A new watchdog pledges to keep an eye on the Oranga Tamariki

Oranga Tamariki

The leader of the government organisation that will replace the Children’s Commissioner in overseeing Oranga Tamariki claims that it will conduct a thorough and open job.

Opponents of the controversial reform that the government pushed through anticipated that moving control of Oranga Tamariki from an independent Crown organisation to a government agency would make it more difficult to reveal issues.

Two employees are being looked into by the police and Oranga Tamariki for sexual misconduct with mokopuna. After a team from the Children’s Commission paid an unannounced visit to a youth justice residence last week, allegations in one case were made public.

Arran Jones, chief executive of the Independent Children’s Monitor, stated that the organisation would nevertheless collaborate with the new Children and Young People’s Commission and the ombudsman.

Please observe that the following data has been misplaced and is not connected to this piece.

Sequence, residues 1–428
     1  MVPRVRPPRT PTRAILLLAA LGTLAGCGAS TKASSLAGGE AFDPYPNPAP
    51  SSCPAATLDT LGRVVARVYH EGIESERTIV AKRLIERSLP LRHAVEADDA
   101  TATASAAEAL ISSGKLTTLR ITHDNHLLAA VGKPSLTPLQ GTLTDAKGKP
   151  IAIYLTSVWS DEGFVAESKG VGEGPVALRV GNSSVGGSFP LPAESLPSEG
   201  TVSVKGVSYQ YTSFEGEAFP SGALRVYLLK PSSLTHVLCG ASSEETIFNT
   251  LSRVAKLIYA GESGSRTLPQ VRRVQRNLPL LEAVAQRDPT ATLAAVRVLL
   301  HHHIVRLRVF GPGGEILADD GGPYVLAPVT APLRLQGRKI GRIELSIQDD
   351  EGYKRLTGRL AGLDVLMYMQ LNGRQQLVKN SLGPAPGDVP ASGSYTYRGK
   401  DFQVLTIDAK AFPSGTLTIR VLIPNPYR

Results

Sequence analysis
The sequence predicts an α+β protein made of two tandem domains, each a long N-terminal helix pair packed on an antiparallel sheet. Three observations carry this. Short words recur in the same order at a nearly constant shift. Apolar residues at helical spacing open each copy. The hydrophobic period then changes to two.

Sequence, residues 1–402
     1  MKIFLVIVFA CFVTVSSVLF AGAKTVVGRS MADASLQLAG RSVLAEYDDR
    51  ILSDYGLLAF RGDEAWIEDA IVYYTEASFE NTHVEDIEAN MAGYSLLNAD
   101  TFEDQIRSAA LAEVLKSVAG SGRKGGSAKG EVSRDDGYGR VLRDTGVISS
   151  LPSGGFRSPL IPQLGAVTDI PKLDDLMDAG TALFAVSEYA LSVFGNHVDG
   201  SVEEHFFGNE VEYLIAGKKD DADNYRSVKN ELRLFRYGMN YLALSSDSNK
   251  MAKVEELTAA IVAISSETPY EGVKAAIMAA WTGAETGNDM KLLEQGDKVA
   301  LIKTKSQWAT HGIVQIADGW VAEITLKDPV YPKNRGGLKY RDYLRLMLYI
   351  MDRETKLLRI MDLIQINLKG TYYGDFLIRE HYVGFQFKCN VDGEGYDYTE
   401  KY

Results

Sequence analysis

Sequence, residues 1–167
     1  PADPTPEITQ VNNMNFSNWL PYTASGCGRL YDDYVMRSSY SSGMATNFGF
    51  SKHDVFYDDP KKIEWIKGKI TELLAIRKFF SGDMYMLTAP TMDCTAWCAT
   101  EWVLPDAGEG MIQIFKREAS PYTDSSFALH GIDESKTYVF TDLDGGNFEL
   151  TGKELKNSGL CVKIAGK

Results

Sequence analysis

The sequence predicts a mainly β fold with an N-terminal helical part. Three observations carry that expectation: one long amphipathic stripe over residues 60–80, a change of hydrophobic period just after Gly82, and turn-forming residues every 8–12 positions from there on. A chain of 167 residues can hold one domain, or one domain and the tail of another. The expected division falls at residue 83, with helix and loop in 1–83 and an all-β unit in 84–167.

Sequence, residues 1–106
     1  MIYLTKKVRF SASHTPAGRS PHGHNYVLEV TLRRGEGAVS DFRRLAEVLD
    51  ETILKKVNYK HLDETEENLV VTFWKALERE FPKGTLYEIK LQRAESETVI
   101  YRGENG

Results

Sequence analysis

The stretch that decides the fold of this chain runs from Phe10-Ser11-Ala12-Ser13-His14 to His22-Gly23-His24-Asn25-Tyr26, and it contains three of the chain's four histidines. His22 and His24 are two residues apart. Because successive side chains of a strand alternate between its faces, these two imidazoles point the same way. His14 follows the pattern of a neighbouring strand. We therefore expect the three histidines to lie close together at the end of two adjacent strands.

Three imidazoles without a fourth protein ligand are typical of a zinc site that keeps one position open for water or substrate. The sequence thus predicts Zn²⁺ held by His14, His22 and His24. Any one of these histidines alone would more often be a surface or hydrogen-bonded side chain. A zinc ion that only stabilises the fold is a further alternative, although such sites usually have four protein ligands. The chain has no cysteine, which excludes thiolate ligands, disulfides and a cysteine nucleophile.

We’re dedicated to working with what we have, but there are a variety of opinions about what’s best for the system, and I can see where they’re coming from.

“We are independent from all the organisations we watch, in terms of independence. Additionally, our laws include some safeguards that shield us from governmental meddling.

Ministers, for instance, did not have the authority to comment on draughts, he added, and all of the monitor’s reports were published in full and submitted to Parliament.

Within the Ministry of Social Development, the monitor’s office was established three and a half years ago to manage the care of children.

It has statutory authority to oversee the overall Oranga Tamariki system, including health, education, housing, policing, and any other services and assistance, under the terms of its newly extended function, which comes into effect on July 1.

It involves examining what is effective and what is impeding the achievement of desirable results.

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